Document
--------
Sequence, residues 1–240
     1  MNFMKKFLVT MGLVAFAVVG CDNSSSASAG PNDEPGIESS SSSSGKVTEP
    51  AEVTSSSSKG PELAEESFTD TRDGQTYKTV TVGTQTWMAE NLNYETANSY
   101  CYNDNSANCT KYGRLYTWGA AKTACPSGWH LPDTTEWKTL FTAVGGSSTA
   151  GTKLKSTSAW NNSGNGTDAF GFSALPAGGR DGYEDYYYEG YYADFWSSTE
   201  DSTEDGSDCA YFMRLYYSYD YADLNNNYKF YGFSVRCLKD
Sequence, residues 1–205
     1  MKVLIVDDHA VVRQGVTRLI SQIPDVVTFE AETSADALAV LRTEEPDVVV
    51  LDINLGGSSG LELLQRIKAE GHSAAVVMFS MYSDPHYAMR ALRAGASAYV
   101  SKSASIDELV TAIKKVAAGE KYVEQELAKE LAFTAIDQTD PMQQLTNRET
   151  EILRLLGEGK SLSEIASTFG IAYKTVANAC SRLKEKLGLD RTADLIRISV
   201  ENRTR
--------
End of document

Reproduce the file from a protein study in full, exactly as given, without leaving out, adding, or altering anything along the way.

Sequence, residues 1–240
     1  MNFMKKFLVT MGLVAFAVVG CDNSSSASAG PNDEPGIESS SSSSGKVTEP
    51  AEVTSSSSKG PELAEESFTD TRDGQTYKTV TVGTQTWMAE NLNYETANSY
   101  CYNDNSANCT KYGRLYTWGA AKTACPSGWH LPDTTEWKTL FTAVGGSSTA
   151  GTKLKSTSAW NNSGNGTDAF GFSALPAGGR DGYEDYYYEG YYADFWSSTE
   201  DSTEDGSDCA YFMRLYYSYD YADLNNNYKF YGFSVRCLKD
Sequence, residues 1–205
     1  MKVLIVDDHA VVRQGVTRLI SQIPDVVTFE AETSADALAV LRTEEPDVVV
    51  LDINLGGSSG LELLQRIKAE GHSAAVVMFS MYSDPHYAMR ALRAGASAYV
   101  SKSASIDELV TAIKKVAAGE KYVEQELAKE LAFTAIDQTD PMQQLTNRET
   151  EILRLLGEGK SLSEIASTFG IAYKTVANAC SRLKEKLGLD RTADLIRISV
   201  ENRTR